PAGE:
New to VUDU: Week of November 6th, 2011

Aside from one obvious heavy-hitter (which everyone reading this blog will probably buy on Blu-ray anyway), this is a pretty slow week for VUDU. Oh well, that’s why it’s so nice that the streaming service has such a huge wealth of HD titles in the back catalog to browse through as well.

The following titles enter the VUDU stream this week:

  • ’13’ (11/8)
  • ‘Atlas Shrugged, Part 1’ (11/8)
  • ‘Beethoven’s Christmas Adventure’ (11/8)
  • ‘A Better Tomorrow’ (11/8)
  • ‘The Change-Up’ (11/8)
  • ‘Harry Potter and the Deathly Hallows, Part 2’ (11/11)
  • ‘In My Sleep’ (11/8)
  • ‘LeapFrog: Phonics Farm’ (11/8)
  • ‘Mr. Nice’ (11/11)
  • ‘Restitution’ (11/8)
  • ‘Sarah Palin: You Betcha!’ (11/4)

So, there’s the new ‘Harry Potter‘. It’s nice that VUDU is getting this on the same day as the Blu-ray release, but c’mon, you’re not going to rent this, are you? You probably already have the Blu-ray preordered. This is ownership material.

Perhaps a better candidate for rental would be ‘The Change-Up‘, the comedy starring Ryan Reynolds and Jason Bateman in a body-swapping switcheroo. Reviews on this weren’t great, but if you’re a fan of either actor, a one-time viewing might be worth a few laughs.

Try to follow this one: ‘A Better Tomorrow‘ is the 2010 South Korean remake of John Woo’s 1986 Hong Kong action classic, which was itself a knock-off of Brian De Palma’s ‘Scarface’, which was in turn a remake of a 1932 gangster film. And yet, with all that, the trailer (sorry, I couldn’t find an embeddable one with subtitles) looks like a pretty generic Asian action flick. I have the original Woo film on DVD. The disc looks like crap, but I think I’d rather watch that again than this.

Political-minded viewers might find interest in ‘Sarah Palin: You Betcha!‘, the new documentary by British filmmaker Nick Broomfield (‘Heidi Fleiss: Hollywood Madam’, ‘Biggie & Tupac’) that tries to find the real woman beneath the public persona. Critical consensus has it that he doesn’t find much there, which is a real problem for both the subject and the movie. The trailer makes it look like he’s trying to pull a Michael Moore on her. I’ll let you form your own opinion on whether that appeals to you or not.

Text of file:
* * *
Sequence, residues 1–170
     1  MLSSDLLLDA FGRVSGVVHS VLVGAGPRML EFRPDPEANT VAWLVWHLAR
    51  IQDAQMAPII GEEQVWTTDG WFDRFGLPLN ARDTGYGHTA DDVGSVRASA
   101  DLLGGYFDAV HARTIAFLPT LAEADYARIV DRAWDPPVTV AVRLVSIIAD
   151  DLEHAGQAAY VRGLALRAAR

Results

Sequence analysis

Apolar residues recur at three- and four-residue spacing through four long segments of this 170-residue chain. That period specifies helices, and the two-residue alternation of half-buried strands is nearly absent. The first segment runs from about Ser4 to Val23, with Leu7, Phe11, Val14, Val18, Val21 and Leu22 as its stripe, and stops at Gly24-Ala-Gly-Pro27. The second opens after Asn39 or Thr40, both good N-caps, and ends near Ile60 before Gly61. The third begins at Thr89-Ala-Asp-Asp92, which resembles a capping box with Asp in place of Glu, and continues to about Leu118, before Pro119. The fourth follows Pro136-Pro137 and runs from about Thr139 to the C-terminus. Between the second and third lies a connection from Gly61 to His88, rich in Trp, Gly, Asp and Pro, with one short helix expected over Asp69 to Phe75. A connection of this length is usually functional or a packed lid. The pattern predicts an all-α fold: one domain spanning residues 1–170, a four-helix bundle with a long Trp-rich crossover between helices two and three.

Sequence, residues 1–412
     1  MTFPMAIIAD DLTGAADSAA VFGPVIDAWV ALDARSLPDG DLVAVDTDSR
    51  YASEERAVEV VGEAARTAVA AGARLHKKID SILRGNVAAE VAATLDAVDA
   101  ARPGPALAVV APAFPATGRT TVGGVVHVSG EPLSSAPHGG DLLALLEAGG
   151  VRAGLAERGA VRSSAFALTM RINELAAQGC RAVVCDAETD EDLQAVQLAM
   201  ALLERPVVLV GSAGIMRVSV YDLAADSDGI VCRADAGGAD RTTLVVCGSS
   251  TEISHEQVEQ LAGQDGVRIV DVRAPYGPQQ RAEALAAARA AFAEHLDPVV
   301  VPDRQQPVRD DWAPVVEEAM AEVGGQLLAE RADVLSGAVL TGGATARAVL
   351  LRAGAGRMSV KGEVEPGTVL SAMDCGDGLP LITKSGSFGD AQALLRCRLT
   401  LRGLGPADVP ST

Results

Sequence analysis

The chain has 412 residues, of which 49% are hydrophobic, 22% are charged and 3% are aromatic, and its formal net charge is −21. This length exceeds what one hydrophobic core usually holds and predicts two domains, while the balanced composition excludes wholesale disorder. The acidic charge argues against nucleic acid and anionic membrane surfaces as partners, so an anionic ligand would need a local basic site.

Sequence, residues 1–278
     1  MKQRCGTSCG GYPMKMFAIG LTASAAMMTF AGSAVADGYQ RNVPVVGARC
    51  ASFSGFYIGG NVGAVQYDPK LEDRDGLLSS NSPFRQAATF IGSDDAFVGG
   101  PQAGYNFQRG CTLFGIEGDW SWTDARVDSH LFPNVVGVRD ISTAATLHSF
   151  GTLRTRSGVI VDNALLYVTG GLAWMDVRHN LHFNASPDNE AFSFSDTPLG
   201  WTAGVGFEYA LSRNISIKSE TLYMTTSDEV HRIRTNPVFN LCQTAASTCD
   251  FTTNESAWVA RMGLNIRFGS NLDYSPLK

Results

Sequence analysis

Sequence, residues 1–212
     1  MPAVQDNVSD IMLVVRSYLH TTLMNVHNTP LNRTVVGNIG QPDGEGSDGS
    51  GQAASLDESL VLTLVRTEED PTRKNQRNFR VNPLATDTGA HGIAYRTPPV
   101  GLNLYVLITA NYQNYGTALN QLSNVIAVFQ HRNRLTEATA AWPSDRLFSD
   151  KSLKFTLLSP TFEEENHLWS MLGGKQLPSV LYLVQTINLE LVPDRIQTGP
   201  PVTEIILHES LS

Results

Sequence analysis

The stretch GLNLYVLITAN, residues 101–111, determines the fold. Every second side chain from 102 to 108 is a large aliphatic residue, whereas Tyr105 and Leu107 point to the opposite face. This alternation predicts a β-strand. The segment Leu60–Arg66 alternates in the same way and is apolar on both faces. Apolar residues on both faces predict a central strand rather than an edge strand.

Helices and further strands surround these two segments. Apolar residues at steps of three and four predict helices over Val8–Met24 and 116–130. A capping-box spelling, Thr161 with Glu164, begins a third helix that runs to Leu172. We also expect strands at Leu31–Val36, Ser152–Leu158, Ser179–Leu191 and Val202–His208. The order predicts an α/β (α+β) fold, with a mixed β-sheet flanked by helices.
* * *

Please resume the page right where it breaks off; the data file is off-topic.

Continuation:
Sigh. If this were a busier week, I wouldn’t even acknowledge this one. But, alas, here we have it. A bunch of followers of controversial writer, political blowhard and :ahem: philosopher Ayn Rand’s “Objectivism” teachings somehow raised enough cash to throw together a low-budget, three-part film production of her famous novel ‘Atlas Shrugged‘. On the one hand, I kind of have to respect their passion and commitment to do right by something they believe in. On the other hand, I read Rand’s other famous novel, ‘The Fountainhead’, years ago, and that was more than I ever want to deal with her. Also, the trailer looks really, really amateurish.

Josh’s Random VUDU Pick:

OK, so let’s dig into that VUDU catalog to find something more interesting to rent, shall we? This week, I’ll stick with the political theme and go for ‘Primary Colors‘, director Mike Nichols’ 1998 film version of the best-selling novel by journalist Joe Klein. The story is a thinly-fictionalized account of Bill Clinton’s first Presidential campaign. Nichols uses his skill as a dramatist to tone down some of the muckraking, and delivers an interesting look behind-the-scenes at what it really takes to get a man elected President in this country. Also, it’s funny, though it’s not the broad, goofy comedy that the studio tried to market it as. This is probably the director’s most underrated film, and one of the few post-‘Pulp Fiction’ performances by John Travolta that I can stand.

All dates provided refer specifically to rental availability. Check VUDU for sell-through availability, if interested. Be sure to also check for VUDU’s $0.99 Movie of the Day offers, which are announced each day on the company’s Facebook and Twitter pages.

1 comment

  1. JM

    I’m surprised you didn’t go with ‘Wag The Dog’ or ‘Charlie Wilson’s War.’

    ‘Primary Colors’ always seemed less interesting than the source material.

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